Being objective about one’s equipment


It was a field trip designed to create a post about a photographic movement that began in the mid-1920s – New Objectivity. I’d seen it on TV recently. The documentary used as its example a German husband and wife who travelled around during winter (the light was more suitable) and photographed industrial buildings. There were rules to ensure that the result would be an objective rendition, not some artistically pictorial image of prettiness.

As a field trip designed to create a post about objective photography, it failed.


The car park I use near work contains a lot of unhappy looking trees. Even in their peak, they look distressed. The leaves are full of holes. Around the base of each tree is a metal cage, variously mangled and bashed over the years.

These cages intrigue me. I want to document them before the car park is redeveloped.

So, with some of the features of New Objectivity ringing in my ears, I waited for an overcast Sunday morning and headed over there. “Overcast” because it creates an even light when viewing the trees from different angles and “Sunday” because there would be very few cars.

But the results were disappointing. Instead of the clarity and crispness required of objectivity, I got the soft and fuzzy of the picturesque. I strain my eyes when I look at the result, trying to force a degree of focus that just doesn’t exist. And, yes, I used a tripod and shutter release.



I’ve since learnt that the depth of field affects the sharpness of an image. I knew that depth of field affects which section of the image will look sharp when compared with other sections, ie it defines the area to be in focus. I did not realise that it affected the degree of sharpness in that focussed area.

In my desire to encourage the trees to stand out from their background, I selected F1.4 on my fixed 50mm lens. Mistake. Big mistake. 56 big mistakes. Not that I wasted 56 photos. This is, after all, digital. I wasted 56 squats that were required to look through the viewfinder. I’ve never done 56 squats before.  I have now.

So, there was no post about New Objectivity, just a lot of muscles objecting.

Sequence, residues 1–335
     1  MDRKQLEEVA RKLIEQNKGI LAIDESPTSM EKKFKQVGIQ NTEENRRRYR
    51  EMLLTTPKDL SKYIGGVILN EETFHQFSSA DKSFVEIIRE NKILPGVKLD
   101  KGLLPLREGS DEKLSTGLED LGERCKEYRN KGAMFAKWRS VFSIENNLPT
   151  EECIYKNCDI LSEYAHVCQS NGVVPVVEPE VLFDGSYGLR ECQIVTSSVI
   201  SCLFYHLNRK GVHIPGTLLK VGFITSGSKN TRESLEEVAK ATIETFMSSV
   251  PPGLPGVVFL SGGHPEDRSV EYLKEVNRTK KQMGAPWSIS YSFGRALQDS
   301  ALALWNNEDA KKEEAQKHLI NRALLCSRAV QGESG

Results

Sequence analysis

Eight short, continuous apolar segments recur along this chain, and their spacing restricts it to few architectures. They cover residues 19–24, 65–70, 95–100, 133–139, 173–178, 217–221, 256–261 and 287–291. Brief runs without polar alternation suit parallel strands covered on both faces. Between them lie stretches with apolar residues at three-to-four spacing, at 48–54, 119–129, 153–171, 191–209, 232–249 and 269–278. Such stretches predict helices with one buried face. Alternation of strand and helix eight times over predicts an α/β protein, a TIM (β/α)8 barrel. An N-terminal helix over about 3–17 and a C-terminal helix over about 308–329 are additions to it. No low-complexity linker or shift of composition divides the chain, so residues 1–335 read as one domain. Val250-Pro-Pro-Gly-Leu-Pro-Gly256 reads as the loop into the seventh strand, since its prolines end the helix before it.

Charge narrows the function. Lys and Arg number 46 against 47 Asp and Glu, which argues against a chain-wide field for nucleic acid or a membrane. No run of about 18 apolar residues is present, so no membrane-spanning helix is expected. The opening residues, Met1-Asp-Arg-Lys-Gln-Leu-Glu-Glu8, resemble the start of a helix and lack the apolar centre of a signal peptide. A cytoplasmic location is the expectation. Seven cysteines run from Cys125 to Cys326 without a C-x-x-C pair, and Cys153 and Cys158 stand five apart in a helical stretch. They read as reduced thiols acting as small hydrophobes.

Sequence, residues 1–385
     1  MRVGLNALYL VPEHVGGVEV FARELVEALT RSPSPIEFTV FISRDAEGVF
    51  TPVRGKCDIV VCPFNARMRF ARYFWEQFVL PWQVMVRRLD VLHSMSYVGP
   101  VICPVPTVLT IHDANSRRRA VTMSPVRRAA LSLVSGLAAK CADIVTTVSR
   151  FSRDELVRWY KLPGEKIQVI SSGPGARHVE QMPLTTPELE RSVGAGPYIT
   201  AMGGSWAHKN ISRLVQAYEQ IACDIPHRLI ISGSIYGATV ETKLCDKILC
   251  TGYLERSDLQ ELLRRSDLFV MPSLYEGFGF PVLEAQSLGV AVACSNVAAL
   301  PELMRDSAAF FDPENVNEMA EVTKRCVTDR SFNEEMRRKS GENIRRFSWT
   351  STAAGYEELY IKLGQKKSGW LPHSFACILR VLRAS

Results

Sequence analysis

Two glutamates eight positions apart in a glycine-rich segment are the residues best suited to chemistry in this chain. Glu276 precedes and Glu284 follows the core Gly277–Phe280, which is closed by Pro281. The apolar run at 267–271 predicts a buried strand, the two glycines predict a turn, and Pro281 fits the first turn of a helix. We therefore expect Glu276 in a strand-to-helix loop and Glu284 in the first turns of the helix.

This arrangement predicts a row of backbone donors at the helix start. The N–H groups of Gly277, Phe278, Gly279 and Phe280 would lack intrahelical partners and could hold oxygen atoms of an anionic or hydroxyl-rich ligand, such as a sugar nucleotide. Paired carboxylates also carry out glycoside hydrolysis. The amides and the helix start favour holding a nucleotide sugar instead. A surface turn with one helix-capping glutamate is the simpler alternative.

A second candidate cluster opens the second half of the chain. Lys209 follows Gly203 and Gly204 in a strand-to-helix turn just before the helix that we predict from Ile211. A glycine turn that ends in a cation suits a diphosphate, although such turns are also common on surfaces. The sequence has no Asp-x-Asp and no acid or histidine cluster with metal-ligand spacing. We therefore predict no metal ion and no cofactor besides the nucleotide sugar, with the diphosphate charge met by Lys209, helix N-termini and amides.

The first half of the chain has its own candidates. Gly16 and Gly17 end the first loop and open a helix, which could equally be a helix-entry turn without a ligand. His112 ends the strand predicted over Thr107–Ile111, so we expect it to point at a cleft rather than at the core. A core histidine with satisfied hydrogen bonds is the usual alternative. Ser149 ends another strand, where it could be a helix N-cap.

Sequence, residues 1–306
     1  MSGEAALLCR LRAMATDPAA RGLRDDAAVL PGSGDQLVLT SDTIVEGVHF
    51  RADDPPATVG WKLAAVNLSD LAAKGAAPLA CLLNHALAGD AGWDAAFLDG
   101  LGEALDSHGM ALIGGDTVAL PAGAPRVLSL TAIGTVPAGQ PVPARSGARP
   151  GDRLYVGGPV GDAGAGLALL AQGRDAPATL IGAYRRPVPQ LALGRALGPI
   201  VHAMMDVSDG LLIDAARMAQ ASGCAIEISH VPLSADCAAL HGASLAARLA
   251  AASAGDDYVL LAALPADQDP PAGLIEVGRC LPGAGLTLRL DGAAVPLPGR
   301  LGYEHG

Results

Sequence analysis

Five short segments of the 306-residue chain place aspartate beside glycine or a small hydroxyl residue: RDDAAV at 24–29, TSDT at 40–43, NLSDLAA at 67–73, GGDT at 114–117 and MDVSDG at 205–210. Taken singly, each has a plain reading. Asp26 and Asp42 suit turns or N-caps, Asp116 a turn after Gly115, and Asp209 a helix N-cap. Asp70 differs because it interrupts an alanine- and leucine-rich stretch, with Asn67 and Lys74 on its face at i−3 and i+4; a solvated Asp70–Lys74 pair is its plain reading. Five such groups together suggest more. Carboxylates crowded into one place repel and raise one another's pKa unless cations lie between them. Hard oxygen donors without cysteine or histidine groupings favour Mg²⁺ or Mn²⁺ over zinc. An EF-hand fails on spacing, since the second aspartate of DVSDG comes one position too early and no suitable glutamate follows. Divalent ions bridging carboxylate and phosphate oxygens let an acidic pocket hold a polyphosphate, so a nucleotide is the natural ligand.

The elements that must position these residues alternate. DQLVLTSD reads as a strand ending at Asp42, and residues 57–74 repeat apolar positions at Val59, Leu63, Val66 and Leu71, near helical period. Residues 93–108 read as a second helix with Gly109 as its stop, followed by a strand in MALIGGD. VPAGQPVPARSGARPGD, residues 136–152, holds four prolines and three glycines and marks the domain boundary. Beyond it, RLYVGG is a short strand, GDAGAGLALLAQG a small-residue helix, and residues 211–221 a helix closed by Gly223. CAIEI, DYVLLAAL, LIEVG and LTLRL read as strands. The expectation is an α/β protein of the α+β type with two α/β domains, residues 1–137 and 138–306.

Instead, there is this post about getting to know your equipment …

Get to know your equipment!

Today, I experimented with my three lenses. There is the fixed 50mm mentioned above and the two zooms that came with the camera. The aim of the experiment was to compare the results of each F-stop.

Having selected an object with plenty of detail on a vertical plane, I set up the camera on its tripod and worked my way through each F-stop on each lens.

Test Subject

In order to see the differences writ large, I cropped the first, middle and last shots from each.

For the fixed 50mm, the F-stop range was 1.4 to 22 with a middle around F5. I realise F5 doesn’t sound halfway, but there are a 25 separate stops and F5 is number 12. In the result, the 1.4 is soft and dreamy and the mid-range is much sharper.  Then, for the 18-55mm zoom, the range was 5 to 32 with a middle F-stop around 11. Again, the mid-range is sharper.

Fixed 50mm lens:  F1.4   F5   F22
Fixed 50mm lens: F1.4 F5 F22


18-55mm zoom lens:  F5   F11   F32
18-55mm zoom lens: F5 F11 F32


However, there may be something else going on with the 55-200mm because the results did not fit this pattern. The manufacturer intended it to be used as a telephoto lens. Perhaps an experiment where the object is just a few feet away was not the best option? Or perhaps there was a variable I didn’t pick up on?

For the 55-200mm, the range was F4 to 22 with a middle around 9. Here, the first image appears sharper.  Perhaps not by much, but it seems sharper to me.

55-200 mm telephoto: F4  F9  F22
55-200 mm telephoto: F4 F9 F22


Back to the car park

Armed with this new insight, it’s back to the car park … on the very next overcast Sunday morning.






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